Laura is the editorial director of The American Journal of Managed Care® (AJMC®) and all its brands, including The American Journal of Accountable Care®, Evidence-Based Oncology™, and The Center for Biosimilars®. She has been working on AJMC® since 2014 and has been with AJMC®'s parent company, MJH Life Sciences, since 2011. She has an MA in business and economic reporting from New York University.
As the cost of therapies increases, US health plans are utilizing tools like step therapy, to ensure patients try cheaper alternatives first, and value assessment frameworks, to assist with the decision-making process.
As the cost of therapies rise, approximately 40% of payers have step therapy protocols for specialty drugs that require patients to first fail an alternative cheaper treatment before accessing a more expensive drug, according to a poster presented at Virtual ISPOR 2021.1
Researchers utilized the Tufts Medical Center Specialty Drug Evidence and Coverage (SPEC) Database, which includes information about how US payers cover specialty drugs. The researchers examined the frequency that plans applied step therapy by indication and identified the diseases step therapy was most often applied.
Of the 17 plans reviewed, step therapy protocols were applied to 38.9% of their coverage policies, ranging from as low as 20.6% and as high as 57.5%. On average, plans included 1.5 steps in their protocols with 66.6% of plans including a single step, 22.7% including 2 steps, 7.6% including 3 steps, and 3.1% including 4 or more steps.
The most common indications that plans applied step therapy were:
Metastatic breast cancer and cervical dystonia were the least common indications that plans applied step therapy (6% of decisions for each).
According to the researchers, health plans apply step therapy protocols inconsistently. The reasons some diseases are affected more than others by step therapy is because some diseases have more indicated treatments and some specialty drugs have inexpensive alternatives available.
“Variations in health plans’ step therapy requirements can have important implications, as it means that patients enrolled in different health plans have different access to the same drugs,” they concluded.
Rising health care costs have also led to an increased interest in value assessment frameworks (VAFs). A poster at Virtual ISPOR 2021 updated insights on current trends, perceptions, and utilization of VAFs in decision-making processes among US payers.2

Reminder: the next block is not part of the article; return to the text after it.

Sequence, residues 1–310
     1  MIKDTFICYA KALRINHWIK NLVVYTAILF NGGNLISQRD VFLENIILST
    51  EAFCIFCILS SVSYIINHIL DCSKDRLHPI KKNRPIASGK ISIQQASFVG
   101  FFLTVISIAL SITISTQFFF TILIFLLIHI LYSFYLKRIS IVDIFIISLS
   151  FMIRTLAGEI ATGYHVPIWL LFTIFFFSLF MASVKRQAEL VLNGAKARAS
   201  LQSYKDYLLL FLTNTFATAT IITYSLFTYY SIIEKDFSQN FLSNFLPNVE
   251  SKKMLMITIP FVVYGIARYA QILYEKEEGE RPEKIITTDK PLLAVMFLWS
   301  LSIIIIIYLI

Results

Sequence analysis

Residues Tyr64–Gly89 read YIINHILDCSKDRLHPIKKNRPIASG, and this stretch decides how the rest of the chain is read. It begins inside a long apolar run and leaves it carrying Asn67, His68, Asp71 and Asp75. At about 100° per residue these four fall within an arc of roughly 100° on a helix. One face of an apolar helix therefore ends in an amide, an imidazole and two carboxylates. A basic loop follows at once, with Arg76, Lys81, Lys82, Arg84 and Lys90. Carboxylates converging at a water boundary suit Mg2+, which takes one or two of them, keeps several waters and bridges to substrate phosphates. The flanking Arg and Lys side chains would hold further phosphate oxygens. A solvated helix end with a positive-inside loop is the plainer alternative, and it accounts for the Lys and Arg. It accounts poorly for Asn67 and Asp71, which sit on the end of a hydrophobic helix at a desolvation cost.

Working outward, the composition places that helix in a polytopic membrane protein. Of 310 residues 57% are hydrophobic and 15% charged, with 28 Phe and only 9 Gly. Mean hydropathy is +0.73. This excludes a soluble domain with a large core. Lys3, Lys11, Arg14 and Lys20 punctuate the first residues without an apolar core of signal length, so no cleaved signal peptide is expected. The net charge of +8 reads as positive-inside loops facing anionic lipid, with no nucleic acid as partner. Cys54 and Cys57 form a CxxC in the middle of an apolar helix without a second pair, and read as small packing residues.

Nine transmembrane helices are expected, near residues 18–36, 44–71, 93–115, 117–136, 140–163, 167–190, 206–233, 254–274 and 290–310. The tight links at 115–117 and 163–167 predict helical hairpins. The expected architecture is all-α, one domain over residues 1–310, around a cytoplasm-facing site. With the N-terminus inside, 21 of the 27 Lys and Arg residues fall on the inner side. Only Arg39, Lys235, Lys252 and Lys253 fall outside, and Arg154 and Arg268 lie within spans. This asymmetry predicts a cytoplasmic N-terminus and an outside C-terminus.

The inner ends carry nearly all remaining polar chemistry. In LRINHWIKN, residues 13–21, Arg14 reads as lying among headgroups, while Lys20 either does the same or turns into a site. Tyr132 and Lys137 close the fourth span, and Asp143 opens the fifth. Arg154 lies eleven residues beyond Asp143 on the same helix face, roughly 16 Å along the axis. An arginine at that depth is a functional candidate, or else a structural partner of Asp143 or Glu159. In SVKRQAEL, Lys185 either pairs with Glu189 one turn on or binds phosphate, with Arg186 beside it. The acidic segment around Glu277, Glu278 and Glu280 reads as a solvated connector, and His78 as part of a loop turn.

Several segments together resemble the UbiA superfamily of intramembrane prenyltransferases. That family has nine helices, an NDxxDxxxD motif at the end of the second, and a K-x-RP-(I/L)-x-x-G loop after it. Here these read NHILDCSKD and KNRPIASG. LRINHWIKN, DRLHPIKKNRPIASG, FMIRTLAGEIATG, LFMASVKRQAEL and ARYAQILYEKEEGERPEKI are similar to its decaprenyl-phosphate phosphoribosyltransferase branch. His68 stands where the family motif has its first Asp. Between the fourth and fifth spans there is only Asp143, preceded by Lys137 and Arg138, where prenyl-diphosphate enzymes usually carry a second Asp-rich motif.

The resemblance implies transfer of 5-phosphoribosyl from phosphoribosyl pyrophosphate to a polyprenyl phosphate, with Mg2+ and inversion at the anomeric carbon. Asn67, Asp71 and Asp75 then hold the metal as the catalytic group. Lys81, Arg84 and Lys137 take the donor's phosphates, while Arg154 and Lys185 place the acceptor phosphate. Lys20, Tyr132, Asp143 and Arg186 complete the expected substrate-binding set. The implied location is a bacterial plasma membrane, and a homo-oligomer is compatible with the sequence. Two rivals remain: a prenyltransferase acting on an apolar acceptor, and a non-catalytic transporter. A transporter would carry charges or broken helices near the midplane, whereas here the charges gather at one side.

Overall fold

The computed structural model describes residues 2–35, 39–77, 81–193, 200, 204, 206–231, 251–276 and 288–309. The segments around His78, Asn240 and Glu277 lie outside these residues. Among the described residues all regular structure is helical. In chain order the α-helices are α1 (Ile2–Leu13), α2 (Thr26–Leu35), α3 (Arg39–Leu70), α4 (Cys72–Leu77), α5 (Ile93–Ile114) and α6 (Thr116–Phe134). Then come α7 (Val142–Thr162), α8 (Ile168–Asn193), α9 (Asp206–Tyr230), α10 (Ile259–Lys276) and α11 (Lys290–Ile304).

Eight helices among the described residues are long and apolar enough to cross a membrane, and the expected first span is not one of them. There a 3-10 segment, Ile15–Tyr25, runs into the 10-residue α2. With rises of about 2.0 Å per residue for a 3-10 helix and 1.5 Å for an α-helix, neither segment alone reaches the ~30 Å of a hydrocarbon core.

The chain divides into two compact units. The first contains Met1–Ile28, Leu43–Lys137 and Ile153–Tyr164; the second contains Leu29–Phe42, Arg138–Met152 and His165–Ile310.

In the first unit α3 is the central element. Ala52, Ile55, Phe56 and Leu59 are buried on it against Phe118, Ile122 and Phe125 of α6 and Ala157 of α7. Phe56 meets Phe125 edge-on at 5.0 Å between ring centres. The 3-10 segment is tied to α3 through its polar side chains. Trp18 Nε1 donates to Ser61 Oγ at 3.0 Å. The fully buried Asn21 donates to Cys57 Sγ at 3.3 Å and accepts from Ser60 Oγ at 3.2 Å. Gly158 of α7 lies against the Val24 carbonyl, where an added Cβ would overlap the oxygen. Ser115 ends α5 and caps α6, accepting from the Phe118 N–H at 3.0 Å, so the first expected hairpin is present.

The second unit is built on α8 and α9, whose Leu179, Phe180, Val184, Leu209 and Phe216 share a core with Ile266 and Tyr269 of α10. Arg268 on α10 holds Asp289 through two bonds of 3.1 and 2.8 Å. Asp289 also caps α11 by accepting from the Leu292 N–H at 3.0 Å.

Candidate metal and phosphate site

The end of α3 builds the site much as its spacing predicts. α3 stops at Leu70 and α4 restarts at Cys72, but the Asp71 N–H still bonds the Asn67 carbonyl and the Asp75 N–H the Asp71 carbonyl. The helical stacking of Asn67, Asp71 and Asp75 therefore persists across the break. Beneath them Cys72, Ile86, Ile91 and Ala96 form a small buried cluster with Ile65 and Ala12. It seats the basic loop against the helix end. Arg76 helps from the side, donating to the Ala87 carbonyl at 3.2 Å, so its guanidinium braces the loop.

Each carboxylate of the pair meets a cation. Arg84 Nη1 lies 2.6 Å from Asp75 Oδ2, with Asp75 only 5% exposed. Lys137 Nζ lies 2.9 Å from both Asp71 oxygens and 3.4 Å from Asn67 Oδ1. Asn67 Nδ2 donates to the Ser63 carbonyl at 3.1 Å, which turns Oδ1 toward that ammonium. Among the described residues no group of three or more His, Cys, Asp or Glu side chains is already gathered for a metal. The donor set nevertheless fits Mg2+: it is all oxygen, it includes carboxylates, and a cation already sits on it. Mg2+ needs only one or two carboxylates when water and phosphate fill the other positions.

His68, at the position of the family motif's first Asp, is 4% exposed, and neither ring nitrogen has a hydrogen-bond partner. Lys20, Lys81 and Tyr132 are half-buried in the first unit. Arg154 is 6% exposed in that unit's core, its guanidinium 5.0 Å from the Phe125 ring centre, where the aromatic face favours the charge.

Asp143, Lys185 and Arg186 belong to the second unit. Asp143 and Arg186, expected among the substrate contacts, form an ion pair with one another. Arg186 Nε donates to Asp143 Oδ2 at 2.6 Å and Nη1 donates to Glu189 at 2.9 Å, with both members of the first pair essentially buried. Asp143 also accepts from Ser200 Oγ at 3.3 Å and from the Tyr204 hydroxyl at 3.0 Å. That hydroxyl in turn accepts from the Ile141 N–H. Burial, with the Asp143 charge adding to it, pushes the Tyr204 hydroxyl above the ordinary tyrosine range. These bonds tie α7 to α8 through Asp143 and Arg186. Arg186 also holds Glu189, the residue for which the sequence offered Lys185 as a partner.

Xcenda fielded double-blinded, web-based surveys in November 2016 (N = 56), November 2018 (N = 47) and October 2020 (N = 47) to managed care professionals in Xcenda’s Managed Care Network. The surveys sought insights into familiarity with the Institute for Clinical and Economic Review (ICER) VAF, Memorial Sloan Kettering Cancer Center (MSKCC) DrugAbacus, and the National Comprehensive Cancer Network (NCCN) Evidence Blocks; use of these tools as supporting data to inform clinical, economic, or patient-related decisions; areas or disease states the ICER VAF was most used; and reasons these tools may have been used in a limited fashion to inform payer decisions.
Nearly all (≥ 90%) respondents said that inclusion of comparative clinical effectiveness information, appropriate metrics and outcomes, and methodologically rigorous and unbiased methods were extremely or very important. One-third (32%) said the inclusion of the patient perspective was not very or not at all important, while 47% said it was somewhat important and only 21% said it was extremely or very important.
Payers seemed to be more familiar with the ICER VAF and NCCN Evidence Blocks than the MSKCC DrugAbacus across all 3 years of the survey. “Across the 4-year period, the ICER VAF was used most frequently to inform economic decisions,” the authors noted. In 2016, 31% of respondents reported no use of the ICER VAF, which decreased to just 4% in 2020.
Among payers who used the ICER VAF in the 2020 survey, 41% said it was in oncology, 50% in rare disease/orphan drugs, 34% in primary care, 38% in a crowded therapeutic area, and 59% in a high-cost disease.
The MSKCC DrugAbacus had low utilization among respondents and use of the tool decreased from 2016 to 2020. In the 2020 survey, 60% of respondents reported no use of the tool. The most common reasons for not using MSKCC DrugAbacus were:
The NCCN Evidence Blocks were most frequently used to inform clinical decisions across all 3 surveys and in 2020, 45% reported using them to support major clinical decisions and 28% used them to inform minor clinical decisions. However, these were down from 2016 (55% and 45%, respectively).
“Given the influence of VAFs on payer coverage decisions, it is beneficial for stakeholders to remain current on VAF practices and proactively engage in assessments and methodology design when possible to inform the evolving value assessment landscape,” the authors concluded.
1. Lenahan KL, Gertler RM, Nichols DE, Chambers JD. Examining US commercial health plans’ use of step therapy protocols for specialty drugs: an empirical analysis. Presented at: Virtual ISPOR 2021; May 17-20, 2021. Poster PNS52.
2. Choate A, Yan A, Tan R, Tennant L. Current utilization and perceptions of value assessment frameworks among United States Payers. Presented at: Virtual ISPOR 2021; May 17-20, 2021. Poster PNS59.